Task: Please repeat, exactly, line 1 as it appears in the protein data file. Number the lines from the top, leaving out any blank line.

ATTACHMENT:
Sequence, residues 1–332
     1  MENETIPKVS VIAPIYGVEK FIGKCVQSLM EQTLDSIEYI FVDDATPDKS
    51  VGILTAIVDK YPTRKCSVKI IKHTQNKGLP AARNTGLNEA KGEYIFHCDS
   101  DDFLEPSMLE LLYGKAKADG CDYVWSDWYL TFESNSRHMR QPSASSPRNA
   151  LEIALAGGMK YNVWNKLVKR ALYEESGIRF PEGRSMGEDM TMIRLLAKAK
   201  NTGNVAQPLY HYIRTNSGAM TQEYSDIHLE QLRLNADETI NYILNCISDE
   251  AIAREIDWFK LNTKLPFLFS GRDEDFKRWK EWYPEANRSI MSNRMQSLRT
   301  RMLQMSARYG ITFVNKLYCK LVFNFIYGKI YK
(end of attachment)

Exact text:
Sequence, residues 1–332